For incontinence or dogs that 'leak', particularly spayed bitches and older pets.
Urinary Incontinence In Dogs
Urinary incontinence in dogs, means your dog has the inability to retain urine in his bladder … in other words, bladder leaks.
The urinary system is quite elegant. Urine is produced by the kidneys and fed through the ureters to the bladder. A sphincter (circular muscle) keeps the passage to outside closed until it’s voluntarily opened during urination. At that point, urine flows through the urethra to whatever object your dog decides to gift with his or her scent.
When the sphincter doesn’t stay fully tightened, involuntary leakage occurs. If the bladder is too full, urine can overflow into the urethra and escape. This often happens while your dog is resting or sleeping, or when she gets up from lying down.
Dribbling urine can also be a behavior issue if it happens when your dog is frightened or being submissive.
Signs Of Incontinence In Dogs
I probably don’t need to tell you how you’ll know your dog is incontinent. It’s usually pretty obvious!
The most common sign of urinary incontinence in dogs is wet spots wherever your dog sleeps.
You might also notice …
- Dampness around the hindquarters and thighs
- Dribbling urine as she walks
- Irritated skin or redness from the dripping (urine is caustic and can burn)
- Licking the vulva or penis more than usual
- Dribbling urine when she is excited, frightened, submissive, or stressed
What Causes Incontinence In Dogs
There are many potential causes and contributors to incontinence, including:
- Low estrogen (the most common cause in spayed female dogs).
- Spinal cord or nerve disease or injury.
- Degenerative myelopathy.
- Overexertion, overstretching, or injury to the muscles of the lower back. Inflammation can impede the nerves running through the area.
- Urinary tract infection.
- Bladder stones.
- Enlarged prostate.
- Hormonal abnormality that causes excessive thirst and urination, such as thyroid disease, Cushing’s disease, kidney disease, or diabetes.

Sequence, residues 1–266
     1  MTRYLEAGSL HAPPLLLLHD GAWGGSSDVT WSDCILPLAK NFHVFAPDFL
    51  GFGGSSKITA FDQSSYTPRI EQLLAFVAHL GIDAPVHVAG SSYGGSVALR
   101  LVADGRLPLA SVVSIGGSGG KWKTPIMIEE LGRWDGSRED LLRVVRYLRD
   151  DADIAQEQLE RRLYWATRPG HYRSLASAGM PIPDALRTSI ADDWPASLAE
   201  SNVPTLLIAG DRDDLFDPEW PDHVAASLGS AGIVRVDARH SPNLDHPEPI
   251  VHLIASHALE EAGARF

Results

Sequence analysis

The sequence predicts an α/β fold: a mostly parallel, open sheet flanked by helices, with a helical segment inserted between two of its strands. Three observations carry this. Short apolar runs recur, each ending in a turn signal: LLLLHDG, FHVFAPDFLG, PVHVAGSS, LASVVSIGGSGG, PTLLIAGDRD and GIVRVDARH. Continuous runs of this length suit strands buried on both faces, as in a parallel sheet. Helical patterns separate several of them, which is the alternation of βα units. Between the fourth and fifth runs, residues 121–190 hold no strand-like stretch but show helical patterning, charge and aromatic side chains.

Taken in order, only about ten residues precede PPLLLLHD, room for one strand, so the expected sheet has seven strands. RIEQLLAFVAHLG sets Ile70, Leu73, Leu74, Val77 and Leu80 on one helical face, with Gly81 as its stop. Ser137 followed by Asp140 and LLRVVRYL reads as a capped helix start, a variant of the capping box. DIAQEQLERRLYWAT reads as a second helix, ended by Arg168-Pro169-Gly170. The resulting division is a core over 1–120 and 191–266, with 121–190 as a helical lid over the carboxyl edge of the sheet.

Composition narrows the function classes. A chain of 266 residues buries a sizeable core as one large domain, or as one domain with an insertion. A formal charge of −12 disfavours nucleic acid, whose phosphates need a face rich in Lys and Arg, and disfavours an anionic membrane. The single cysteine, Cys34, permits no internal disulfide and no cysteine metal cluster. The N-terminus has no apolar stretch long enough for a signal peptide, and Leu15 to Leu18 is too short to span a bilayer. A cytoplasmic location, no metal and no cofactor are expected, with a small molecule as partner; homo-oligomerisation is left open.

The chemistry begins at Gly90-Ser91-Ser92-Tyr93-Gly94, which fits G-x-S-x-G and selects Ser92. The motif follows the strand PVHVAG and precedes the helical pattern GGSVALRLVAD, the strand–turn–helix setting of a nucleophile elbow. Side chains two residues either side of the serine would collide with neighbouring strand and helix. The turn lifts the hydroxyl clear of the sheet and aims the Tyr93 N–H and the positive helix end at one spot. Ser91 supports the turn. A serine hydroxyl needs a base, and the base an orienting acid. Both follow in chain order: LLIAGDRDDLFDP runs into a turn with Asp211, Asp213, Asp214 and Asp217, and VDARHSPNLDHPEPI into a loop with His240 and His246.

- Congenital anatomic abnormalities.
- Masses, cysts, or polyps impeding the sphincter muscle.
What this adds up to is the need for adequate testing to pin down an accurate diagnosis.
Breeds Prone to Incontinence
Research shows that females are more prone to urinary incontinence in dogs than males. Two UK studies found that urinary incontinence affects 3% of females overall, but more than 15% in high risk breeds. These include …
- Irish Setter
- Bearded Collie
- Rough Collie
Prevalence in males is less than 1%, with breeds affected including …
- Bull Mastiff
- Irish Red Setter
- Fox terrier
Spay/Neuter Increases Incontinence
Urinary incontinence in dogs is more likely in spayed females, especially if they’re spayed early. One study of 492 female dogs concluded that …
“Neutering itself and early-age neutering (<6 months) are major risk factors for early-onset urinary incontinence.”
Another study found that size was a factor in spayed females developing USMI (urinary sphincter incompetence). For every month neuter was delayed in the dogs’ first year, the risk of USMI was reduced in dogs weighing over 25 kg. The risk did not change for dogs under 15 kg.
So, if you decide to spay your dog of 50 lbs or more, it’s best to defer the procedure as long as you can.
NO MEDICAL CLAIMS MADE WHATSOEVER